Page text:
Gamification Case Study: Zepp Baseball


In gamification, we talk a lot about feedback and letting people know when they are on the right track to achieve something.

Today I want to talk to you about a gamification project that has caught our attention here at GAMIFICATION+. It’s called Zepp Baseball and helps baseball athletes and enthusiasts improve their baseball skills. Baseball is a game of numbers. Everyone interested in baseball talks about the players statistics during the season and during the whole careers. Performance inside the pitch was always easy to measure and numerical feedback was easily given to players and their coaches. Training though is a whole other conversation.

It’s hard to measure how well you are preparing for a game and how much progress you are making because of training. Zepp Baseball does exactly that. It gives players stats on how well they are training and what they need to improve to become better players. The way it works is you attach a mount at the end of your bat and insert a sensor on the mount. The sensor connects to devices using Bluetooth and feeds them with data about the player’s swings. It gives them stats like bat speed at impact, hand speed and vertical angle at impact.

What’s interesting about Zepp Baseball is how they are introducing more gamification elements now to motivate people to train more and keep track of their progress. Zepp has teamed up with New Balance and gamified their application adding NB HitClub to the mix. NB HitClub offers its users swing challenges that are rewarded with achievements. Players can compete against other on leader boards and they can win rewards by using the features of the app. As I have said before, not all gamification applications need intricate game design and backstory that offers a deep experience. Sports are often about mastery, people feel good that they improved on the activity itself and feedback achieves that. Having a history of your training also achieves that as you can look back and feel proud you trained hard and improved.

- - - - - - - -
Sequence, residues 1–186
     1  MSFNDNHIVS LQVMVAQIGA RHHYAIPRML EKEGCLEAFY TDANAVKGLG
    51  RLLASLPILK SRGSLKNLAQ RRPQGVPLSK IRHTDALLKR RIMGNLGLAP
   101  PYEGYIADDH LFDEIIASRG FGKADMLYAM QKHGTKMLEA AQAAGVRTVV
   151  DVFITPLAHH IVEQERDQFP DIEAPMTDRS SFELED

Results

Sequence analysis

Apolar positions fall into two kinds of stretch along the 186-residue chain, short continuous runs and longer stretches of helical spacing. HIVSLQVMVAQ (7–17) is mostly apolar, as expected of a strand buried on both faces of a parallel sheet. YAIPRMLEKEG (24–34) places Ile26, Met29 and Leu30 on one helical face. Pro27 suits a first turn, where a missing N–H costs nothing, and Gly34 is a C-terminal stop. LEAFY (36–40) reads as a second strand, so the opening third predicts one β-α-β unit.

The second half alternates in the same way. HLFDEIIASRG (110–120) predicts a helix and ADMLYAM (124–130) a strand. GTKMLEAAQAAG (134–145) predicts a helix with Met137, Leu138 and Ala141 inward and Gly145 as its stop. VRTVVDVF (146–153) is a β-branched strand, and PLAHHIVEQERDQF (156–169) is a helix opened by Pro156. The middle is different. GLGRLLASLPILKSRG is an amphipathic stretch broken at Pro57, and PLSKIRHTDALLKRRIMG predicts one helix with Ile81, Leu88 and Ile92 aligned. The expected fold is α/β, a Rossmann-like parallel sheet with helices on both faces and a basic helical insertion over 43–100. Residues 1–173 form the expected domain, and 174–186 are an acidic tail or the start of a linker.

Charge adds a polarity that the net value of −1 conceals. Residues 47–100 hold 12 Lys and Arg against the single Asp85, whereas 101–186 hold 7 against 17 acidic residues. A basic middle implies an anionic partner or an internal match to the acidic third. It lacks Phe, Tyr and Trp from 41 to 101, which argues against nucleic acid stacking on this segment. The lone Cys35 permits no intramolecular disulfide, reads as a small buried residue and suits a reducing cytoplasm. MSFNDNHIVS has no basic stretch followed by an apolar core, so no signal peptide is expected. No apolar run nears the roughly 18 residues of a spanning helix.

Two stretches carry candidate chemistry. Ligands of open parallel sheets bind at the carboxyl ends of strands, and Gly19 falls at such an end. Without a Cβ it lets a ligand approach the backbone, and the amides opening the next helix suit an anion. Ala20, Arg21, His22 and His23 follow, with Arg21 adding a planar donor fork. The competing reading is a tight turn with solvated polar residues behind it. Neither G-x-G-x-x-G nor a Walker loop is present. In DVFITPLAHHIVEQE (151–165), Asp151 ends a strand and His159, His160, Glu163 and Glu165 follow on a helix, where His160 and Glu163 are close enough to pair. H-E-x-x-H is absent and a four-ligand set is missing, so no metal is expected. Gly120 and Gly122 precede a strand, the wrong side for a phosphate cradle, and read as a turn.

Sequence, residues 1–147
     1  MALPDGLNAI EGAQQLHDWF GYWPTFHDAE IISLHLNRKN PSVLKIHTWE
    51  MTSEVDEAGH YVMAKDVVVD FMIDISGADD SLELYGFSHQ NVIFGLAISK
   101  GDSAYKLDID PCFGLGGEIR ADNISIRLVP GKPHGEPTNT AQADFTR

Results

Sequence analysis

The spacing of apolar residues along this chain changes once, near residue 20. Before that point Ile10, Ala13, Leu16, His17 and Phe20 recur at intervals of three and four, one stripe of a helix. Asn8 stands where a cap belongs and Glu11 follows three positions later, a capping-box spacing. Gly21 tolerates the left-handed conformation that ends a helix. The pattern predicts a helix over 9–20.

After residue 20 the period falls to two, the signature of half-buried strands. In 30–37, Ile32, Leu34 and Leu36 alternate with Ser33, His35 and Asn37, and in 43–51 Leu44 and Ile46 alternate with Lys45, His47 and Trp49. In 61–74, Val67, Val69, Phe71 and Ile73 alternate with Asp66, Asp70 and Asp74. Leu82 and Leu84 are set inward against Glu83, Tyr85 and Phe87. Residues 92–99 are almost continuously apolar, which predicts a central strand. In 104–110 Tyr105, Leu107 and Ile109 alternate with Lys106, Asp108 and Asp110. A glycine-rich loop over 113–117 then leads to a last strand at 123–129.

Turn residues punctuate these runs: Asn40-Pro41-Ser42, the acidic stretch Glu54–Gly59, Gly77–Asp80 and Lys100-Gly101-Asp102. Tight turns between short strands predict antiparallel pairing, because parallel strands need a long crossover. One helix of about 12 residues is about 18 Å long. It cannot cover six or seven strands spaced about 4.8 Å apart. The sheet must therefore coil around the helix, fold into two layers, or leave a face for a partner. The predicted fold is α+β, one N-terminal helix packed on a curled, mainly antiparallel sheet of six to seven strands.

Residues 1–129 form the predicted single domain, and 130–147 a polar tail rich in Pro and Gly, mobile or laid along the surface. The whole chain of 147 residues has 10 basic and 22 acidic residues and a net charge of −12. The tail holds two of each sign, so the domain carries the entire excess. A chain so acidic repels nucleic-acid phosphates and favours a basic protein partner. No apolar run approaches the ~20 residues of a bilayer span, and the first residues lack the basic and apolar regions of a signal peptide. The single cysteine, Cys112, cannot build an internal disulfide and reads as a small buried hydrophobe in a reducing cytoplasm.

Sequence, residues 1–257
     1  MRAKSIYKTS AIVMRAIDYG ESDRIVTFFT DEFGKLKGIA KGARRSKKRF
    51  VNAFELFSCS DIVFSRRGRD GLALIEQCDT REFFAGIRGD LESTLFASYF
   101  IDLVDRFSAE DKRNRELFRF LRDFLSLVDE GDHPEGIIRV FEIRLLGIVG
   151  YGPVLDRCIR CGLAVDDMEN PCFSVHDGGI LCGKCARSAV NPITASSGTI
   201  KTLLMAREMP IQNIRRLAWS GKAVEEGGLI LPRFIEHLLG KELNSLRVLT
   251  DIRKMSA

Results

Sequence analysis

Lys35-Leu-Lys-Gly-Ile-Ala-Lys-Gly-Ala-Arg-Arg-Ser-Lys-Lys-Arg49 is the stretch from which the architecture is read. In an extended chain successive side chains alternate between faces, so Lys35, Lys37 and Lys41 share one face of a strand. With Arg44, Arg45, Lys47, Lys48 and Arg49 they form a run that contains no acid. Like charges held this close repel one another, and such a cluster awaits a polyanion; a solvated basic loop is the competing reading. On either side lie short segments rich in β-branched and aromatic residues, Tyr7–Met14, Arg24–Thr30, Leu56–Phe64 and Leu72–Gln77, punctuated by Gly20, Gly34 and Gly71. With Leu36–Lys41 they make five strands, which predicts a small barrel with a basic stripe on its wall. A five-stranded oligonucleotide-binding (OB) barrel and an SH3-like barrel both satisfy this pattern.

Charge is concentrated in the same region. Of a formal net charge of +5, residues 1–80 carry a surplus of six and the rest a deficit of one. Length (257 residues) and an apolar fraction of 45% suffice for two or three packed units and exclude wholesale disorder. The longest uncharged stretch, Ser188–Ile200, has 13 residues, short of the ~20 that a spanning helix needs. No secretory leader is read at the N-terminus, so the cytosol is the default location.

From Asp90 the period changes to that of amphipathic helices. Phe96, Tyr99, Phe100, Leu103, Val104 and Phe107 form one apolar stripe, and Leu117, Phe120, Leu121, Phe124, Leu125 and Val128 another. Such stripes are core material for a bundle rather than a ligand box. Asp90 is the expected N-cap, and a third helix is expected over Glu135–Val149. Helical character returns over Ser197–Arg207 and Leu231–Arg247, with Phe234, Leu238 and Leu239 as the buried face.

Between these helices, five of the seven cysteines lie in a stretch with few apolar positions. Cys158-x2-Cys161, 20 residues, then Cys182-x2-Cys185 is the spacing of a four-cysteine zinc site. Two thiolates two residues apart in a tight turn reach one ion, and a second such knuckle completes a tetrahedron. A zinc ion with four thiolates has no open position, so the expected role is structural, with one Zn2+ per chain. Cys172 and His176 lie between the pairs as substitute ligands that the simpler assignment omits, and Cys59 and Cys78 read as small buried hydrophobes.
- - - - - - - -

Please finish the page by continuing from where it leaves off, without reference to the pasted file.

Social status and bragging rights are also important in sports and that’s why players can share their progress and compare it with their friends. How many challenges you complete each month determine your place on the leader boards. The challenges are all training related which is great because your place on the leader board reflects your progress in becoming better at the game. I think that especially for non-professionals these are strong intrinsic rewards that can change their behaviour and can motivate them to keep playing the sport and to have fun.

Overall this is a good example on how to introduce a bit of gamification in a great sports related product to give people more value and motivate them to try more!

About the author 

Vasilis Gkogkidis

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